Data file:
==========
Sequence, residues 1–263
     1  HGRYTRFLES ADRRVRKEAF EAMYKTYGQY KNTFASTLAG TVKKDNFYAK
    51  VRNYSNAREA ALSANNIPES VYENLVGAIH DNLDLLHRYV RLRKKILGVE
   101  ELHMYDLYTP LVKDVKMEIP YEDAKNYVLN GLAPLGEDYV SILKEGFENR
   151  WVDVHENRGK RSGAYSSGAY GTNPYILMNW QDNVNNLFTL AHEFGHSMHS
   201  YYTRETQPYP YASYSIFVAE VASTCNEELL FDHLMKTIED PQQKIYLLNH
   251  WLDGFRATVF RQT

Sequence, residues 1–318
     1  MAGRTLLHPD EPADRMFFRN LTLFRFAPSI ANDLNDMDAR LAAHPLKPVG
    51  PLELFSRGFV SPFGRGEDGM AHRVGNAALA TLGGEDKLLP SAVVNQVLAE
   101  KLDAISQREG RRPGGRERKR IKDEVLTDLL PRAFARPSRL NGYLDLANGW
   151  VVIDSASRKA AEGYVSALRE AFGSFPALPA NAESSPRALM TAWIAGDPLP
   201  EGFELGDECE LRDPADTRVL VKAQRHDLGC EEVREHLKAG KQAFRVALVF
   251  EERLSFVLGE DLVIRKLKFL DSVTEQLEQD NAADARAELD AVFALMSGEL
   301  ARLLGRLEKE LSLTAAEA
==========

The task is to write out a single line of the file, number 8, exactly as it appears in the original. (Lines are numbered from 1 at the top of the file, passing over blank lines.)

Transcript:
Sequence, residues 1–318